P.R. credit unions show ‘solid performance’ in past 5 yrs
Puerto Rico’s credit unions have shown “solid performance” over the past five years, with an 8 percent growth in assets and membership growth of nearly 10 percent, Daniel Rodríguez-Collazo, president of the Corporation for the Supervision and Insurance of Puerto Rico Cooperatives, known as COSSEC in Spanish, said Wednesday.
Puerto Rico’s 116 credit unions reported asset growth of $622 million, to $8.4 billion as of Sept. 30, from the $7.8 billion on record for 2011, according to the regulator’s most recent data.
Loans also showed an increase of $290 million over the five-year period, or 6.6 percent, to $4.6 billion from $4.3 billion in 2011. Loan delinquency rates stand at 5 percent, which Rodríguez-Collazo defined as “a great achievement for COSSEC and credit unions” for remaining at reasonable levels and well below other financial institutions.
“If we examine the most recent financial performance, cooperatives demonstrate good financial strength. The strengthening of the cooperative movement in the credit union sector is evident when comparing the financial data from 2011 to 2015,” he said.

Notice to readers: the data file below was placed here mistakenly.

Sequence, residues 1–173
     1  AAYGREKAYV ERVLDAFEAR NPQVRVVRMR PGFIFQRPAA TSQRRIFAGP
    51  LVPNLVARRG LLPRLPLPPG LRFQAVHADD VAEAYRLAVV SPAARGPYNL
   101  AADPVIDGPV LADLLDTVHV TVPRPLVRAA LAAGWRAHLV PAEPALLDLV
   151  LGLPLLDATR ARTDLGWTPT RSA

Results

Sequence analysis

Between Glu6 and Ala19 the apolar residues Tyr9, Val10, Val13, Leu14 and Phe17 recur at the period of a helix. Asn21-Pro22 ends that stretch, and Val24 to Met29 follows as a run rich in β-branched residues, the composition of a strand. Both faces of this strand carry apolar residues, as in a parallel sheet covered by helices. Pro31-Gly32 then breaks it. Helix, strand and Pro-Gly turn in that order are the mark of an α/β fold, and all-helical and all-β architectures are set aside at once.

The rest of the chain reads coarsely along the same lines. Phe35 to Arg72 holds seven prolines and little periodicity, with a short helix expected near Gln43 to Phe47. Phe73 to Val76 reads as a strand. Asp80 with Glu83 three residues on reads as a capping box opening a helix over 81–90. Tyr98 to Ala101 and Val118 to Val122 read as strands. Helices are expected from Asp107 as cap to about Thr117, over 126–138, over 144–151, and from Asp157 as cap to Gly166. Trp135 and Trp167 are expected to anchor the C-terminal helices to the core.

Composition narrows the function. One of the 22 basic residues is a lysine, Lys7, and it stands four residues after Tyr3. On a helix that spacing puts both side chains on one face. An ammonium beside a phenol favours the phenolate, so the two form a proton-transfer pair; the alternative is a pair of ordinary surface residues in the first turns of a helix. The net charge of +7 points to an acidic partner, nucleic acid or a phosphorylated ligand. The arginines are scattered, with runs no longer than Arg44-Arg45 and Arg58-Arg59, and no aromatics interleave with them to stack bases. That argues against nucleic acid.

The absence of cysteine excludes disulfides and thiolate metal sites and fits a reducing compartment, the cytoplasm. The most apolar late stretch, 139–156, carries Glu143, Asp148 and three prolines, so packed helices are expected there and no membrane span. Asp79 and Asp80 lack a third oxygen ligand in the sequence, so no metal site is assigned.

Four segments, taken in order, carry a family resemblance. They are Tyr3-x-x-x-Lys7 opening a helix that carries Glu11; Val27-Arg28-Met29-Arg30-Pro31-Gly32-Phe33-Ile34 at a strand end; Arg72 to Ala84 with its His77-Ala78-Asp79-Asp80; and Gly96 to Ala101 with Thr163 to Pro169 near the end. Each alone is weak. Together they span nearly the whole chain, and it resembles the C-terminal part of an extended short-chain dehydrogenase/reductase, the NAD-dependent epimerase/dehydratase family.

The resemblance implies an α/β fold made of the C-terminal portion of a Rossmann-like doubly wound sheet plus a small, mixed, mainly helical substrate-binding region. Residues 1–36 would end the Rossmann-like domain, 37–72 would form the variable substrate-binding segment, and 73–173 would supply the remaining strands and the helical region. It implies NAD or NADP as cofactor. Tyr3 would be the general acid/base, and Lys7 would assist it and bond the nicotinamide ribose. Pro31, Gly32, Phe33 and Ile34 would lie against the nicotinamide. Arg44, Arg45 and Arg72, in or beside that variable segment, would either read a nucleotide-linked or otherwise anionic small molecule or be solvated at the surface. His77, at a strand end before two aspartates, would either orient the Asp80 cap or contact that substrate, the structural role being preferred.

As for membership growth, the regulator confirmed there were 880,179 credit union clients in 2011, up 9.7 percent to 966,274 as of Sept. 30.
“This year was one [in which growth] was most palpable, as there was an increase of 24,242 members, more than 2,000 each month, which represents an increase of 2.6 percent,” the government official said.
Credit union lending portfolios mostly constitute of: personal and consumer loans, which represent $2.1 billion, or 47 percent of the total; mortgage loans, which represent about $1.3 billion, or 28.4 percent of the financing granted; auto loans, with $612 million, or 13.1 percent of the loans; commercial loans, which total $202.8 million or 4.37 percent of loans; restructured loans with $137.9 million or 2.9 percent; and credit cards with $106 million. or 2.2 percent.
“We can conclude that the area of co-op lending enjoys a stable financial health, especially considering what happened with the island’s financial sectors,” Rodríguez-Collazo said. “The loan portfolio represents 53 percent of assets, which is proof of the solidity and liquidity the island’s credit unions enjoy.”
With more than $2.6 billion in liquidity, the loaning capacity Puerto Rico credit unions have “represents an important component of Puerto Rico’s financial system,” he said.
This year, total shares and deposits amounted to $8 billion, which represents a 10.1 percent increase when compared to 2011, when the figure reached $7.3 billion. Island co-ops have $2.6 billion in available capital, an increase of $177 million when compared with the $2.4 billion in 2011, COSSEC data shows.